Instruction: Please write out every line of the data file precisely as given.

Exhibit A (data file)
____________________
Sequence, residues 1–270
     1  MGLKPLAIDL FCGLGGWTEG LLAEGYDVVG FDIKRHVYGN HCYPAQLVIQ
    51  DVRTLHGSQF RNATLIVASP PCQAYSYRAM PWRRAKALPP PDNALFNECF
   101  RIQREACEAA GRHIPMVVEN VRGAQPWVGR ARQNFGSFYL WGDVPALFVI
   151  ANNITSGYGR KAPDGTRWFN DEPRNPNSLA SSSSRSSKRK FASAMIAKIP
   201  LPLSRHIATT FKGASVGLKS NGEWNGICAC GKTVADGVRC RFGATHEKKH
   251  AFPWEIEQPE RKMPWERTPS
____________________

Sequence, residues 1–270
     1  MGLKPLAIDL FCGLGGWTEG LLAEGYDVVG FDIKRHVYGN HCYPAQLVIQ
    51  DVRTLHGSQF RNATLIVASP PCQAYSYRAM PWRRAKALPP PDNALFNECF
   101  RIQREACEAA GRHIPMVVEN VRGAQPWVGR ARQNFGSFYL WGDVPALFVI
   151  ANNITSGYGR KAPDGTRWFN DEPRNPNSLA SSSSRSSKRK FASAMIAKIP
   201  LPLSRHIATT FKGASVGLKS NGEWNGICAC GKTVADGVRC RFGATHEKKH
   251  AFPWEIEQPE RKMPWERTPS